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Android MVP Architecture Extension with Interactors and Repositories

  • Last Updated : 29 Nov, 2021

Nature’s truth is evolution, and new developments are led by natural selection. As a result, there are many diverse species with numerous similarities, and they all adapt best to their environment. The concept that one is superior to the other is only applicable under limited circumstances when one is more suited for survival. When the circumstances change, so does the concept. This is equally true for any software design. In its own right, one answer is superior to the other. As previously stated, several enhancements were discovered in order to better respond to certain conditions. All of these scenarios arose for Android apps with a large codebase and several developers working on the project at the same time.

There were two restrictions found in such conditions:

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  • DataManager centralization: In the MVP architecture, the DataManager is meant to outsource all duties to ApiHelper, DbHelper, and PreferenceHelper. It’s an excellent architecture for most use situations since it allows you to intercept Helper calls and do some pre-processing. However, for large projects, this class can grow to be rather huge.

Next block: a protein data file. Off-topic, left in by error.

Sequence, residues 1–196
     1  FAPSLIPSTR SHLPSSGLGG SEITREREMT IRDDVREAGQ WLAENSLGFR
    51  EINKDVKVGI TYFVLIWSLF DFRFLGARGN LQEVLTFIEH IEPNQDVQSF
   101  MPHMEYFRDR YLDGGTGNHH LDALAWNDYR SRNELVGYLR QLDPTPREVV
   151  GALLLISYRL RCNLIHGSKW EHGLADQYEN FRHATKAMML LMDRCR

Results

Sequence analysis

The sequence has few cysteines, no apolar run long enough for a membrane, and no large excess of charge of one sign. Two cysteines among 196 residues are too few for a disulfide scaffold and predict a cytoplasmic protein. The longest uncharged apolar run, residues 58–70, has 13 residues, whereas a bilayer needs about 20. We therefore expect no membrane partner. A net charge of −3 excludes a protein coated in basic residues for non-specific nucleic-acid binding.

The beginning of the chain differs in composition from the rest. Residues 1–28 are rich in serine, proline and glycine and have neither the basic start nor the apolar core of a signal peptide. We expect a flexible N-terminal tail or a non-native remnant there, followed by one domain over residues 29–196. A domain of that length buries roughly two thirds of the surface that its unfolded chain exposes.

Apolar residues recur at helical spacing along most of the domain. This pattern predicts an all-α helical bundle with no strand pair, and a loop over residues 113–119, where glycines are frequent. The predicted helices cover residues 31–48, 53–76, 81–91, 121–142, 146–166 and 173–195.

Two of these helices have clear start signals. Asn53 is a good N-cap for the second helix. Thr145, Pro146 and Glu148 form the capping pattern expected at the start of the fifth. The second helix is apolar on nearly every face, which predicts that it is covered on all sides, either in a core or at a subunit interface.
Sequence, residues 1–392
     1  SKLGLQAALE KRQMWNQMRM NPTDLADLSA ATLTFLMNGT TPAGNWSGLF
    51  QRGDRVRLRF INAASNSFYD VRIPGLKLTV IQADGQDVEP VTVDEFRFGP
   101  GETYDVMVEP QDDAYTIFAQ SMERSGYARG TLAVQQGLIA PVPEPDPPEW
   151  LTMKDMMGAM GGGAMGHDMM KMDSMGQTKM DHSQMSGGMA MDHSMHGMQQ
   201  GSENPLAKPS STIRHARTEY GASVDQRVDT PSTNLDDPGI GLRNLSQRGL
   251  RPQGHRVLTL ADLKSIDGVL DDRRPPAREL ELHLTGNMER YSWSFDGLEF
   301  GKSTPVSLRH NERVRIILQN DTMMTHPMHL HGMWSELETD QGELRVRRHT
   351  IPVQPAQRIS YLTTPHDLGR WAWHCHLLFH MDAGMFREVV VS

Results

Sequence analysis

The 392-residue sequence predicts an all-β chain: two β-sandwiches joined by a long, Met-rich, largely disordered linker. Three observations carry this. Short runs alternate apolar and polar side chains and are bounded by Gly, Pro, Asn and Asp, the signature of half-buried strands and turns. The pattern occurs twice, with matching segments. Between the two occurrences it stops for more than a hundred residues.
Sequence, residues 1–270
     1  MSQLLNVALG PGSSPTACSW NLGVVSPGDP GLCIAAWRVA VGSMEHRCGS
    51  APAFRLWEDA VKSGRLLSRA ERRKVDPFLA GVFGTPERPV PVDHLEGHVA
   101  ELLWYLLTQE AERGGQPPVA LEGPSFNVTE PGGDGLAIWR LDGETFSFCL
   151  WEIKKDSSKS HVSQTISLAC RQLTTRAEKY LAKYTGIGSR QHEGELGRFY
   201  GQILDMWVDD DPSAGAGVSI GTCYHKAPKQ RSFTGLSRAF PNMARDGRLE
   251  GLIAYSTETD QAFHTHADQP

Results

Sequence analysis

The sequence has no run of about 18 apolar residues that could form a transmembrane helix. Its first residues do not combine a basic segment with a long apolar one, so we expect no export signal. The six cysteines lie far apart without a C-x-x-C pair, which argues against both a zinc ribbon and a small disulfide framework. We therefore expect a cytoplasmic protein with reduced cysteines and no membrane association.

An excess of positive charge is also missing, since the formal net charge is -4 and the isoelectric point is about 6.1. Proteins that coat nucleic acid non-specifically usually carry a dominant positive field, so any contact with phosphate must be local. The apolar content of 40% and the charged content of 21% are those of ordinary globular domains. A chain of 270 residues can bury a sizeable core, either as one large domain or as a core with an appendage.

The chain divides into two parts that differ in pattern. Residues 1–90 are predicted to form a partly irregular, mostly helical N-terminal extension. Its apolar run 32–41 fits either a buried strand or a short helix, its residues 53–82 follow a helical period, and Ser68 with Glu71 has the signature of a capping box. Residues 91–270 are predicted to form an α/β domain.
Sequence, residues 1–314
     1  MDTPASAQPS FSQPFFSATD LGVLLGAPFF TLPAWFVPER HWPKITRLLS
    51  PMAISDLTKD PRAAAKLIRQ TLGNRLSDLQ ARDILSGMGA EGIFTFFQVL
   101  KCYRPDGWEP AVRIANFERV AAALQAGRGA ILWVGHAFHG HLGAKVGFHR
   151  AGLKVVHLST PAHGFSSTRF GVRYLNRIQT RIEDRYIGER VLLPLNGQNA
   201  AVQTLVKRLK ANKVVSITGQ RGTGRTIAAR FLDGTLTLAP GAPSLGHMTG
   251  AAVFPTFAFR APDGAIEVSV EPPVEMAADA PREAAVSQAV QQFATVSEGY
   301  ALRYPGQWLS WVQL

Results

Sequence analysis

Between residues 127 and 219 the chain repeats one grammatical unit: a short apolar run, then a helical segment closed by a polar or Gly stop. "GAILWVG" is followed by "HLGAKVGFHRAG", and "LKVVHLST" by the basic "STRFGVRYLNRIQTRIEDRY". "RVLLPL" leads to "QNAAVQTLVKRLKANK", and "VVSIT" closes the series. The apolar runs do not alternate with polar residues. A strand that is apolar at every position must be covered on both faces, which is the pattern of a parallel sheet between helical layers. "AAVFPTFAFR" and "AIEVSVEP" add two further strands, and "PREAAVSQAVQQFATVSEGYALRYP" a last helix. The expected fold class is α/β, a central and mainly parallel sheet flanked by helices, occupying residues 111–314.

• DbHelper centralization: The DbHelper was created to get data from the database using the DAO classes. This is also excellent for most projects with fewer DB queries, but it can get extremely huge for large projects.

The problem of centralized DataManager might perhaps be addressed by exposing the Helper instances to the Presenters. This will eliminate the DataManager delegation calls, reducing the codebase to a few functions that need cross Helpers calls or a series of Helper calls. This approach would be a good fit for the existing MVP design. Tapping untapped potential necessitates taking two moves forward once we have arrived at our objective. We now propose some major improvements to the existing MVP design in order to make it appropriate for very big projects with many developers working on it at the same time. Let us begin by identifying the obstacles associated with such initiatives.